You may have heard through the Bodybuilding circles that basic, heavy, free weight exercises increase overall body mass. Perhaps you have heard movements like squats; deadlifts, bench presses etc… induce endogenous hormone production, leading to acute increases in lactate, growth hormone (GH), insulin-growth-factor-1 (igf-1), and testosterone. These acute increases in specific hormones have been the main reasoning behind the belief that basic free weight movements cause just about every muscle to grow.
I mean, it does make sense when you think about it → heavy exertion + multi-joint activation = heightened anabolic hormones translating to overall muscle hypertrophy!
Not so fast…
In a 2009 Applied Journal of Physiology study, researchers found no increase in strength or muscle hypertrophy in resistance trained subjects performing heavy leg training after a biceps workout.
How they designed the simulation --
12 young male subjects performed bicep curls on different days, under different conditions. The first biceps training session was performed alone with no other exercises afterwards. The second biceps training session was performed with a high volume, heavy leg exercise executed right after the biceps workout. This second session was to determine if the heavy leg resistance training actually activated endogenous hormone production enough to manifest tangible muscle hypertrophy and strength gains.
This program was adhered to for 15 weeks, and they ensured the subjects ingested a protein drink before and after each training session for appropriate nutritional support.
At the conclusion of the 15 week study --- endogenous hormones were measured and after the biceps training PLUS heavy leg training, increases in lactate, GH, igf-1, total and free testosterone were increased at the 15-minute mark post training.
So the question is -- did that acute increase in anabolic hormones increase muscle strength and hypertrophy in the arm trained in conjunction with the heavy leg exercise?
Both maximal strength and muscle cross sectional area increased identically in both arms by 20% vs. 19% increase in strength for biceps trained alone and biceps trained with a heavy leg exercise. An increase in skeletal muscle cross sectional area of 12% vs. 10% in the biceps trained alone compared to the biceps trained with a heavy leg exercise. These differences were not statistically significant.
What can we deduct from this study?
We can conclude that anyone who tries to convince you that performing heavy squats, deadlifts, and bench presses for the sake of increasing acute anabolic hormones is under the wrong train of thought. You perform squats for maximal quad, hamstring, and glute development. You perform deadlifts for upper trap, mid-back and spinal erector development, and you bench press to build fully developed pectoral muscles.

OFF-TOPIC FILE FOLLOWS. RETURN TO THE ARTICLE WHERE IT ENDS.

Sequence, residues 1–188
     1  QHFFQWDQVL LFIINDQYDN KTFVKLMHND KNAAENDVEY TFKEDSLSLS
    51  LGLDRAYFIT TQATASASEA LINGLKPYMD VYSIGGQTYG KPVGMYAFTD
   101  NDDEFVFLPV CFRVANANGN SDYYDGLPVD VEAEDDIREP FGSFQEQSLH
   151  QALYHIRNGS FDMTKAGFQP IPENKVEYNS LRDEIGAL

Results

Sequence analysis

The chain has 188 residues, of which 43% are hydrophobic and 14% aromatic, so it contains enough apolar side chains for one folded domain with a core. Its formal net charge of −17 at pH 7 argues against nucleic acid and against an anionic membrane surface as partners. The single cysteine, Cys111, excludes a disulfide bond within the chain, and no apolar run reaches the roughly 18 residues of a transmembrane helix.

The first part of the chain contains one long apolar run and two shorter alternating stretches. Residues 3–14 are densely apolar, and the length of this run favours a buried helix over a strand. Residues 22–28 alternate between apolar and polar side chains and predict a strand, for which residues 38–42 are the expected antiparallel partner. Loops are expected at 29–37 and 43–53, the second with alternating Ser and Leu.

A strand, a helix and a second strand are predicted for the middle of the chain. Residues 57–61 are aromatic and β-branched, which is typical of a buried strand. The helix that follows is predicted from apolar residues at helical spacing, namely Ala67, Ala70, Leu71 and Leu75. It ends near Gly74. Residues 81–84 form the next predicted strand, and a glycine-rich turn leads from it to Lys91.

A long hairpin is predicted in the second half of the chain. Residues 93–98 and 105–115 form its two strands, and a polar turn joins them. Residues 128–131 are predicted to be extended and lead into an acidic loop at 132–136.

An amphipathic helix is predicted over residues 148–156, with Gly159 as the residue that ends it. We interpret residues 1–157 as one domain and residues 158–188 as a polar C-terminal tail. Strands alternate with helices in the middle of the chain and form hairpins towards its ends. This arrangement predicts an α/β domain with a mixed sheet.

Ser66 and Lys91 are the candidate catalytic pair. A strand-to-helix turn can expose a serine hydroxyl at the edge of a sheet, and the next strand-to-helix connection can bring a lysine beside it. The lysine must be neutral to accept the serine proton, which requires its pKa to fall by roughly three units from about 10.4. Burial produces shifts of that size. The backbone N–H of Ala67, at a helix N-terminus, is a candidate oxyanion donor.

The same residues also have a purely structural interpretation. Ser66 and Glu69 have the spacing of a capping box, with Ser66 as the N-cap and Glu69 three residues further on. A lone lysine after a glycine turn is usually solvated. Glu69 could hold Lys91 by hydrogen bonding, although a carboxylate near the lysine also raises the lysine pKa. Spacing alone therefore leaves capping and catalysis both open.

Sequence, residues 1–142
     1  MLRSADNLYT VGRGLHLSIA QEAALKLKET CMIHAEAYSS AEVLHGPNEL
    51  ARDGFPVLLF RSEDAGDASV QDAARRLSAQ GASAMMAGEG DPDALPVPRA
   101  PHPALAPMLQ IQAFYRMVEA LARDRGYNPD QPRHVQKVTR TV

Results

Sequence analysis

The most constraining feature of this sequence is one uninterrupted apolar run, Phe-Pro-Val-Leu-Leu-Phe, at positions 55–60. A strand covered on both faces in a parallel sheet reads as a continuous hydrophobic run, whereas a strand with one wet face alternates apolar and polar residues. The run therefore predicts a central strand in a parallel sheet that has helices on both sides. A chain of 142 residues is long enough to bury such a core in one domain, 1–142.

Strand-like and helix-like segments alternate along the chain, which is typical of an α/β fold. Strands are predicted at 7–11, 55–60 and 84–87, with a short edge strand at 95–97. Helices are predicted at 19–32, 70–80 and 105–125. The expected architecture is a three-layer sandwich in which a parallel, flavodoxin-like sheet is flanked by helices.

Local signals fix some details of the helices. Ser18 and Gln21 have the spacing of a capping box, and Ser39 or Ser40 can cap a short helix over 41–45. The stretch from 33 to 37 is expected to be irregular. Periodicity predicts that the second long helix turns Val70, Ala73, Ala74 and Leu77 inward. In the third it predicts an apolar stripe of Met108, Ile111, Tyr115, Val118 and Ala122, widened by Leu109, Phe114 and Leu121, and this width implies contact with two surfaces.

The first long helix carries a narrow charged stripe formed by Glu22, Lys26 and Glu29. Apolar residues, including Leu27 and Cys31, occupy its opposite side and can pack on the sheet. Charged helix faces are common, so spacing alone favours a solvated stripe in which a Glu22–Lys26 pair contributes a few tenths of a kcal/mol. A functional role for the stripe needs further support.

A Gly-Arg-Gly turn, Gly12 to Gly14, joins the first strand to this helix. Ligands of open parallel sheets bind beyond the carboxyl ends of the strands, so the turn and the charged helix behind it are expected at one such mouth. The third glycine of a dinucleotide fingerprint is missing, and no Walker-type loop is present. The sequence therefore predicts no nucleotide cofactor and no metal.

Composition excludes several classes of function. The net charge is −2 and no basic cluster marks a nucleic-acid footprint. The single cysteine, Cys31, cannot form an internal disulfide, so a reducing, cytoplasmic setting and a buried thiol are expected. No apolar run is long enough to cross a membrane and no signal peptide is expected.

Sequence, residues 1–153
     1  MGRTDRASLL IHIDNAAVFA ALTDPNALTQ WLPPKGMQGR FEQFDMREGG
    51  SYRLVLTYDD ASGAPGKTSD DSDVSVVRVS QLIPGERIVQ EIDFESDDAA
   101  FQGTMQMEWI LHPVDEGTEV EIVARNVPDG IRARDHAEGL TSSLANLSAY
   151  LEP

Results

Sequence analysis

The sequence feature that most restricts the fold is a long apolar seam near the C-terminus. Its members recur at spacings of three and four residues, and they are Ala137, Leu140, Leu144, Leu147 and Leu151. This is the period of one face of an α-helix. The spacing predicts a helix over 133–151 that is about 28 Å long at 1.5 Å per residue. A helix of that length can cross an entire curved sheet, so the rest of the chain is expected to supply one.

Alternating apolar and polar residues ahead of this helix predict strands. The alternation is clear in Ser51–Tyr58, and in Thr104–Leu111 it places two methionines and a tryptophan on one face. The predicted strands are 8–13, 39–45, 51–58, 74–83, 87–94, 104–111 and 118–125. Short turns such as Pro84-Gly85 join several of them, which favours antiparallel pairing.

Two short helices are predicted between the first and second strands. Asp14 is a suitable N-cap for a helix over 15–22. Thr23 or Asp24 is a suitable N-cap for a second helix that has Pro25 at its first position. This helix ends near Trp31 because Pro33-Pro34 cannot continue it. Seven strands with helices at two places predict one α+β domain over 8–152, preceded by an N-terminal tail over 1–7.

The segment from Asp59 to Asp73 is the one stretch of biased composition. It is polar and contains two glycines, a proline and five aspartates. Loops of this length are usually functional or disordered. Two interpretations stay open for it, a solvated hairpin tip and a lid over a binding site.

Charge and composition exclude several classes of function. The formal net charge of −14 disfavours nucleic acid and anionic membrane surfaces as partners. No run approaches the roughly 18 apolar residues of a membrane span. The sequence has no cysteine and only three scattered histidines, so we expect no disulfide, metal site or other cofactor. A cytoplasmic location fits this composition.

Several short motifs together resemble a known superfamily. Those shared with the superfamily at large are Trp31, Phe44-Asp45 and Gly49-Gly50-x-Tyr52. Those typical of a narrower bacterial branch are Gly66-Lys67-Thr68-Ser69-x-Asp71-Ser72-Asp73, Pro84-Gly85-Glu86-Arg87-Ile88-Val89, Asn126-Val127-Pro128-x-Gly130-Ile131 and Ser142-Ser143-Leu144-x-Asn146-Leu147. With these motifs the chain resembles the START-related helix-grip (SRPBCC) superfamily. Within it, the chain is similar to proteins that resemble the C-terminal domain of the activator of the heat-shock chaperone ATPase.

You do not squat and deadlift for big arms or delts. You perform strict bicep curls and triceps extensions for huge guns, and dumbbell military presses for round, 3-dimensional shoulders -- simple as that.
Another factor to consider is this -- people who are avid squatters, dead lifters, and bench pressers most likely will be more muscular and larger than weight trainees that bypass these heavy hitting movements. If you think about it, the people who are pouring energy into demanding exercises like the basics (squats/dead’s/bench), are probably training arms, shoulders, and back intensely too, therefore these individuals will be bigger, stronger, and more prominent with muscle mass.
My advice is to always include multi-joint movements into your weight-training routine. If you suffer from injuries, I highly recommend pre-exhausting with isolation exercises in the beginning, then finish the session with the basic multi-joint exercise at a lighter weight.
If you do not wish to pre-exhaust, I would try experimenting with German Volume Training (GVT), which is typically 10 sets of 10 repetitions with a 60 second rest period. I personally will manipulate GVT with 10 sets of 15 or 20 reps with 45 seconds rest if I really need to be careful with nagging injuries.
What about the subject of “anabolic hormones and how to maximize your endogenous production? Make sure to avoid alcohol consumption, NSAIDS, and xeno-estrogens. Do not neglect dietary fat to a great degree, and if you are reducing calories to lose body fat, reduce carbohydrates, and supplement with essential fatty acids, MCT oils, and mild cholesterol consumption from cage-free, organic whole eggs.
I can guarantee doing all of the above (nutritionally) will aid in anabolic hormone production “chronically” 7 days a week opposed to a mild “acute effect” you temporarily get from performing a few heavy sets of squats and deadlifts.
- Daniel W. D. West,1 Nicholas A. Burd,1 Jason E. Tang,1 Daniel R. Moore,1 Aaron W. Staples,1 Andrew M. Holwerda,1Steven K. Baker,2 and Stuart M. Phillips 1
Elevations in ostensibly anabolic hormones with resistance exercise enhance neither training-induced muscle hypertrophy nor strength of the elbow flexors
J Appl Physiol (1985). Jan 2010; 108(1): 60–67. Published online Nov 12, 2009.